The Blu-ray vs. HD-DVD “War”

This isn’t a A/B comparison – I don’t currently have the ability to play either format.  I’ve been stalling for a few reasons, but its been getting a lot more tempting to leap in on one, or the other, or both formats.

This posting was prompted by the Engadget post Gartner: Blu-ray to win in 2008, HD DVD price cuts are “useless resistance”.  My friend Matt claimed last week that the war was won:

“Some might say that Warner Bros. pre-CES annoucement of dropping HD-DVD was the tipping point, but true believers will recognize that Matt’s January 24th purchase of a PS3 and several Blu-Ray titles as the historic event.” – Matt

There are some crazy prices on HD-DVD players now, Futureshop has the Toshiba HD-DVD A3 for $148.99.  I’m almost kicking myself for picking up the Oppo 980 (should be at the post office waiting for me) – but the A3, while it is apparently a very good upconverting player – still is fairly slow at layer changes etc.   If it didn’t look like the format war was winding down, the HD-DVD support would be a lot more tempting – but as it is, it would be a severely underused facility of the player.

It is my opinion that Sony has pretty much bet the company on Blu-ray.  2007 didn’t seem like a great year for Sony, and I do strongly suspect that things like the Warner CES announcement came along with some cash from Sony.  Hopefully their well won’t run dry before the format debate is over.

I guess I’m still firmly in the ‘wait and see’ camp, let’s see how long I can stall – my prediction is that I’ll have one or both before the end of this year.

1080UB colour measurements

So, I’ve finally got around to doing a few sensor based measurements. I still need to sit down and digest the Basic Guide to Colour Calibration using a CMS (Colour Management System) before I start trying to make changes.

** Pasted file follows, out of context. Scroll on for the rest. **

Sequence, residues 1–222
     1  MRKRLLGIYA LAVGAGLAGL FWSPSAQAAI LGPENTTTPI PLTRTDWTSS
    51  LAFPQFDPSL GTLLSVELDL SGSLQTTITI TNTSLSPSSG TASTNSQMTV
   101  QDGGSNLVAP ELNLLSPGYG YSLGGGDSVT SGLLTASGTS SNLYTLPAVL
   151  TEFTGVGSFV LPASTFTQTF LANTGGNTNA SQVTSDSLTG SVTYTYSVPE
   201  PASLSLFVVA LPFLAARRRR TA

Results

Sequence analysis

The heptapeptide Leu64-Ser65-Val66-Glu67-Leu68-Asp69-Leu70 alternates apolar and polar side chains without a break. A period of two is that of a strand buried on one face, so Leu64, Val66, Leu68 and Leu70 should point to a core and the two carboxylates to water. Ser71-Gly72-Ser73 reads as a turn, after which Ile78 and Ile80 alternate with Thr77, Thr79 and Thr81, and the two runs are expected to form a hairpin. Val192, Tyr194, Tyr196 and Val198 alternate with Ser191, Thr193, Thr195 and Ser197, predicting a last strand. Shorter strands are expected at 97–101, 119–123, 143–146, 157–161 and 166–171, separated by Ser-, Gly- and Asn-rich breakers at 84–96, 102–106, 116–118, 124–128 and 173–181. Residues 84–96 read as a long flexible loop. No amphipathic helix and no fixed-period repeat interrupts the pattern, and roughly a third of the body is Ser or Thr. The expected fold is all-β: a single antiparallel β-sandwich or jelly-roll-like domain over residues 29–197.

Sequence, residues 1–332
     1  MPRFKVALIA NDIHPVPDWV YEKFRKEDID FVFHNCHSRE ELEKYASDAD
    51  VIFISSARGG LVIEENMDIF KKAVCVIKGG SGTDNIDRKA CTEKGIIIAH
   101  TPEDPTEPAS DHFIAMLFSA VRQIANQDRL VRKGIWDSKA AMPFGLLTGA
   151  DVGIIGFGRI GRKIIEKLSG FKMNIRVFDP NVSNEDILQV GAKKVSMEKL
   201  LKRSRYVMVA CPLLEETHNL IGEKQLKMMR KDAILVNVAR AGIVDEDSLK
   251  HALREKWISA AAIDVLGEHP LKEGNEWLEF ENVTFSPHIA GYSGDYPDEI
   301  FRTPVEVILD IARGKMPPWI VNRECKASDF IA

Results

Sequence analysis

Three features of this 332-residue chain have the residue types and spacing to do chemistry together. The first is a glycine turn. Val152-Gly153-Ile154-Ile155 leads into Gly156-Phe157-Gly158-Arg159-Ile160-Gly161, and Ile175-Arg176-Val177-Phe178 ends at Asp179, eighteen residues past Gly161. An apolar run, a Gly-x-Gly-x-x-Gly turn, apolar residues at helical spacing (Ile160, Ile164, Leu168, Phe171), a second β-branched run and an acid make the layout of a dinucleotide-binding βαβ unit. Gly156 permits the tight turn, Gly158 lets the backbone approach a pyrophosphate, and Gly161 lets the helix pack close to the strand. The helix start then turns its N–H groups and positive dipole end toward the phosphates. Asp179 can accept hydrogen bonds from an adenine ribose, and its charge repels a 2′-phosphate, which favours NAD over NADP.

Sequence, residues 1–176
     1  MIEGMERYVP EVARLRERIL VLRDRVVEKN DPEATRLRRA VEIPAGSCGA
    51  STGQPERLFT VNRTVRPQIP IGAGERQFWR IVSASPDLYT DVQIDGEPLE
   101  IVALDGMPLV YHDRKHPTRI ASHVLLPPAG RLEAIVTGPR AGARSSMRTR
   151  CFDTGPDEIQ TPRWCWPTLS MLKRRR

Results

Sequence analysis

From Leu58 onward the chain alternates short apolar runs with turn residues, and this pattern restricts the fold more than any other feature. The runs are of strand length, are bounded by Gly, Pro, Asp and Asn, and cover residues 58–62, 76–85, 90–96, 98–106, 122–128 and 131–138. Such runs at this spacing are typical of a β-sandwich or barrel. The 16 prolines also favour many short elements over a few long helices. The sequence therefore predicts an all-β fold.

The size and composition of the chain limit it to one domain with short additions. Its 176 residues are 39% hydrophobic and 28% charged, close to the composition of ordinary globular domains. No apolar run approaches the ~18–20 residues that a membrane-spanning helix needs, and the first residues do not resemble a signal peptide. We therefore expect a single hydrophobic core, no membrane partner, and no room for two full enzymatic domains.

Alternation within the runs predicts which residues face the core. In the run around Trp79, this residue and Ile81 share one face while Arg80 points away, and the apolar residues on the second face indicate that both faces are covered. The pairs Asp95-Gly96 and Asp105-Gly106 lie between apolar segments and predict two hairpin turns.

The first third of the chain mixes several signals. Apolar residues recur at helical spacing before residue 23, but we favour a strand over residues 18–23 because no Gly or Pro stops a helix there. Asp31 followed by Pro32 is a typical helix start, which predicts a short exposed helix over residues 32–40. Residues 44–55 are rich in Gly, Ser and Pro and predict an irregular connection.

For a 100IRE full screen field, I measured 12flL. This is pretty impressive considering I’m using the darkest mode, and the projector is mounted 17 feet from the screen.

I have noted visually that there seems to be a bit of colour shift from left to right, the sensor measurements verified this. The left of the screen is more blue, and the right is more red.

All of these measurements are really just out of the box performance, I haven’t even logged 10 hours yet. The bulb timer still reads 0H, and as confirmed by Epson support, it will not start showing different until I’m past 10H.

I did run through the basic brightness, contrast and sharpness settings using AVIA. The Theater Black 2 default settings were basically correct, so I left them alone.

So here is a CIE u,v chart, showing both the measured grayscale with primary and secondary colours.


So the good news here is that the 1080UB is capable of covering the complete REC601 colour space (not all digital projectors are able to do this), however out of the box – its fairly far off. Certainly watchable, but I’ll be happier when its tweaked a bit more.

More details follow..
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DIY Ceiling Mount

Originally I was going to buy a commercial mount, I had even selected a reasonable looking universal mount that was fairly economical ($75 delivered). Then I stumbled across a reference to the Monkey Man DIY mount. From there I quickly found a reasonably summary of DIY mounts which convinced me to take this route.

Also considering I build a DIY mount for my 165lb CRT projector, I’m not overly concerned about the 12.3lb Epson 1080UB.

Here is my finished mount:


The sub $30 parts list
(2) 3/4″ floor flange
(1) 3/4 x 3.5″ Black steel pipe
(4) 1/4″ x 1.25″ locking nut, washer, carriage bolt
(4) #10 wood screws 1.5″ long
(1) M4 threaded rod
(8) M4 nuts
(4) M4 wingnuts
(12) 1/8″ washers
(1) 5/8″ shelf board

It was relatively easy to put together – and I was able to mount it solo without any scary moments. I’d strongly recommend going the DIY mount route, it really didn’t take a lot of work and I’m very pleased with the result.

Construction details follow..

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